4. Please wait for a confirmation email confirming the company’s ability to service you on the date and time requested
  5. Your confirmation email will let you know when the Chapel Hill Tire driver will arrive at your location; please have keys in your vehicle at that time; the driver will pick up your car and bring it to Chapel Hill Tire for service
  6. You will receive updates on the status of your service by text
  7. When your service is complete, you will receive a text-to-pay notification, so you can pay by phone
  8. The Chapel Hill Tire driver will return your vehicle to your location; your keys and a printed copy of your final invoice will be inside

Curbside Service

  1. Visit the Chapel Hill Tire online appointment scheduler [https://www.chapelhilltire.com/make-an-appointment/]
  2. Under “Select Appointment Type,” choose “Curbside Service”
  3. Complete the form to make your appointment – be sure to list your cell phone number in your Contact Information, so you can receive updates by text
  4. Once your appointment is booked, Chapel Hill Tire will send a text to let you know that your information has been loaded in their system
  5. Reply to the confirmation text when you arrive for your appointment
  6. A service advisor will come to your car to check you in
  7. You will receive updates on the status of your service by text
  8. When your service is complete, you will receive a text-to-pay notification to your cell phone, so you can pay by phone
  9. A printed copy of your final invoice and your keys will be in your car when you pick it up

About Chapel Hill Tire

First opened in 1953, Chapel Hill Tire provides comprehensive car care services for all makes and models, with a specialty in hybrid vehicles. Its tire inventory includes all major brands, and it offers the lowest price on new tires through its Price Beat Guarantee. The company operates eight stores in the Triangle area, and offers free pickup and delivery as well as curbside service at all eight locations. They welcome new customers via online appointment scheduling at chapelhilltire.com or by phone at (919) 932-7650.

Our Values – The Power Of A People-First Approach

The Power Of A People-First Approach

At Shake Shack, happy employees are the key to creating happy customers

There are a lot of differences between Shake Shack and Chapel Hill Tire. Shake Shack sells burgers and shakes. We service cars.

Shake Shack was founded in 2004. We’ve been around since 1953.

The last five years have been good for Chapel Hill Tire; we have opened three new stores and expanded into Raleigh. Shake Shack has done a bit better, growing sales from $217 million in 2014 to $672 million in 2019.

Shake Shack

There is one thing we have in common, though. Shake Shack takes an employees-first approach to running its company. So do we. 

Shake Shack CEO Randy Garutti credits much of his company’s growth to employees that go above and beyond.  “Fifty-one percent employees,” he calls them. These are warm, friendly, motivated, caring, self-aware and intellectually curious team members. The 51 percent is the measure of the emotional skills needed to thrive at the job; the 49 percent describes the technical skills required.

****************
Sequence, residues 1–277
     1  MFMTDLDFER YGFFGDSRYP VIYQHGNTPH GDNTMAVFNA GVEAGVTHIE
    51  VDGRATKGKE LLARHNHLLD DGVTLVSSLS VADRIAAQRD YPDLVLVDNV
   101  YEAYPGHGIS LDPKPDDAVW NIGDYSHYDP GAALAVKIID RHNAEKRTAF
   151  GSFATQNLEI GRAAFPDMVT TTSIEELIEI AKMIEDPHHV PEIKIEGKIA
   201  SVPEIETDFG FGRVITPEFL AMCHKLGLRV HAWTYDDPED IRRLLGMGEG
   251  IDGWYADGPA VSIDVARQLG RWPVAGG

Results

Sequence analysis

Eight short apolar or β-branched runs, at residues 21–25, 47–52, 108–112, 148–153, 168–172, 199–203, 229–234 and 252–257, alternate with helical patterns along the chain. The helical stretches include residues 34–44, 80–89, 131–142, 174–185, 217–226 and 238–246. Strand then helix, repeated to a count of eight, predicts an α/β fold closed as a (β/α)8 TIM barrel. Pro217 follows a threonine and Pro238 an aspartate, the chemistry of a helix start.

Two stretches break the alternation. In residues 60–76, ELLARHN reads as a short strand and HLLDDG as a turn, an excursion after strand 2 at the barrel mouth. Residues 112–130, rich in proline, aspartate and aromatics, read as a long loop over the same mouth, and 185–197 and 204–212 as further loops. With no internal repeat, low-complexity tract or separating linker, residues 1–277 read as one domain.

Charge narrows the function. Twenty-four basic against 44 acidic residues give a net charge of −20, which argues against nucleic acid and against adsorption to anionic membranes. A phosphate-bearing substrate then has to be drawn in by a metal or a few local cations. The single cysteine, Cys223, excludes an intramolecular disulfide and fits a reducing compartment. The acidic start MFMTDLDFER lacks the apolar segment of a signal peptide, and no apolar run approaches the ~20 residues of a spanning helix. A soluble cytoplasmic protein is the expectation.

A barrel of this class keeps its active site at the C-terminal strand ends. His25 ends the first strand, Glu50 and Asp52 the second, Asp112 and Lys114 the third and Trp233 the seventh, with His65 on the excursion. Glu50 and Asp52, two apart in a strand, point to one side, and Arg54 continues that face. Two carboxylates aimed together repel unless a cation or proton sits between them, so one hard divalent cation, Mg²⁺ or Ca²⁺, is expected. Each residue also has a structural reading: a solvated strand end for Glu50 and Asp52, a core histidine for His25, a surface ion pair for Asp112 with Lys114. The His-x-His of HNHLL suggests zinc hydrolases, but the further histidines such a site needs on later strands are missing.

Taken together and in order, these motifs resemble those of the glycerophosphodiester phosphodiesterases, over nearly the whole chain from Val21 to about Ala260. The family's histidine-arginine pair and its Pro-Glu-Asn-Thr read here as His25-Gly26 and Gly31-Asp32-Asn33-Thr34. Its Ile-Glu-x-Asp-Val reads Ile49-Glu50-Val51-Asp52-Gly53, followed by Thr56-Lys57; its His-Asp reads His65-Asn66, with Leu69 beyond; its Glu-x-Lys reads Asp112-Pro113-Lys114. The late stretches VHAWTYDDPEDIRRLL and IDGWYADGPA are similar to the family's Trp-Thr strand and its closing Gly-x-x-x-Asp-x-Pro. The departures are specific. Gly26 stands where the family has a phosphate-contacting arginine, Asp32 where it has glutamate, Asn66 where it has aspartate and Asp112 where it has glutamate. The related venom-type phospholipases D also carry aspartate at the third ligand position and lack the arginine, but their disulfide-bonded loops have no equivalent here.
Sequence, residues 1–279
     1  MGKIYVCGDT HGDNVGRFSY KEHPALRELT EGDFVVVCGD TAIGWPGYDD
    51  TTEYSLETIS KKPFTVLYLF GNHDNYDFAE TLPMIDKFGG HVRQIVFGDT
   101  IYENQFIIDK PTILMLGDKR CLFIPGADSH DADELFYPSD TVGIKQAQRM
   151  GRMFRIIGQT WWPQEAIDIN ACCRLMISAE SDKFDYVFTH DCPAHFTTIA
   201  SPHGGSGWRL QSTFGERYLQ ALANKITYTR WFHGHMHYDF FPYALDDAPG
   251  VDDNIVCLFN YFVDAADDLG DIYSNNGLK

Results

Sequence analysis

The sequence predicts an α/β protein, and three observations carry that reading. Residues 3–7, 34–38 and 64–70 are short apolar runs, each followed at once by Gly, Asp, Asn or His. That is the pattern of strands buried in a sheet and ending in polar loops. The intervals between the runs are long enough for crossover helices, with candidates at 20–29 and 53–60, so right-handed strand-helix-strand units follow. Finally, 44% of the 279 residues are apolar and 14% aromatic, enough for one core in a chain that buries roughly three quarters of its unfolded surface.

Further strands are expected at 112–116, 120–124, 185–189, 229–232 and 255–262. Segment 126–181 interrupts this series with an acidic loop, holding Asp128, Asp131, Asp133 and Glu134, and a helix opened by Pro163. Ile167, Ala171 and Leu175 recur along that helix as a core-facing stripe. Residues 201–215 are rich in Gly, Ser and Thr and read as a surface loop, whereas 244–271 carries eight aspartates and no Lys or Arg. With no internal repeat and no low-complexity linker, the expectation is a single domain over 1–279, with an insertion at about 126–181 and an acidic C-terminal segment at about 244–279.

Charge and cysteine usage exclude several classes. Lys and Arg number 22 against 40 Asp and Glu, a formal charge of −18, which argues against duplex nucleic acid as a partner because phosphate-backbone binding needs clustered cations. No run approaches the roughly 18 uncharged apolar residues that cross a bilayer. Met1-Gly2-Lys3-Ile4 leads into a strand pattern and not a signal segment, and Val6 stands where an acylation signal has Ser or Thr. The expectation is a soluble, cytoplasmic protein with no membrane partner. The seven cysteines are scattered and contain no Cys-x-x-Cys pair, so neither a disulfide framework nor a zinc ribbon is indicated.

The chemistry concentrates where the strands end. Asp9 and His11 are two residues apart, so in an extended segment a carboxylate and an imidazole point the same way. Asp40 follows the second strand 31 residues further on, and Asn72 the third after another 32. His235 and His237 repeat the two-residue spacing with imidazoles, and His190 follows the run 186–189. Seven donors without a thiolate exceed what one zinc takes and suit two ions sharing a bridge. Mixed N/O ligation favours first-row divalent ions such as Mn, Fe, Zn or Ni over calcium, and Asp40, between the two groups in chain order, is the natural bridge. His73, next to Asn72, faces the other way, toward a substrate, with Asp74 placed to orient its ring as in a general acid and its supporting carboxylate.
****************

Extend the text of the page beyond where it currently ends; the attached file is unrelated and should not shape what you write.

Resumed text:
Fifty-one percent employees are committed to championship performance, remarkable and enriching hospitality, embodying our culture, and actively growing themselves and the brand,” Garutti said in an interview for QSR magazine. 

You can’t fake your way to attracting 51 percenters. According to Garutti, you get them by paying higher wages, providing greater benefits, and treating them better, overall. As Shake Shack founder Danny Meyer notes, many companies that excel at customer experience often top “best places to work” lists. 

“We couldn’t agree more,” says Chapel Hill Tire president and co-owner Marc Pons. “You can’t have a great customer experience without a happy employee delivering it.” 

Looking forward, Shake Shack leadership is projecting that the company will top $891 million in sales by the end of 2021. And we think their solid people-first approach is their greatest strength as they work toward this milestone. 

“We’re in a people-led business,” Meyer said in an interview with QSR magazine. “It’s what we do better than anyone and it’s how we’re going to continue to invest so that we have restaurants that are standing with great leaders decades from now. But it’s never going to be easy.” 

“True,” said Pons. “It’s not easy. Getting the right set of values is just the start. You have to build your culture around those values. We have five core values at Chapel Hill Tire: Strive for excellence, treat each other like family, say yes to our customers and each other, be grateful and helpful, and win as a team. Each week we focus on one value, and the team discusses how we can live it out in all that we do.”

“For example, one of our people recently had an unusual opportunity to live out our value of saying yes to customers,” said Pons. “A customer who had just had an operation called the shop and asked if we could pick up her prescription. Thinking of this value, and knowing that she had nowhere else to turn, the employee agreed to pick up the prescription.”

“We also think our values are a great tool for training. This business requires flexibility. To be responsive, we empower employees to make decisions,” Pons said, “And as long as you can use our five core values to answer how you made a decision, you’re good.”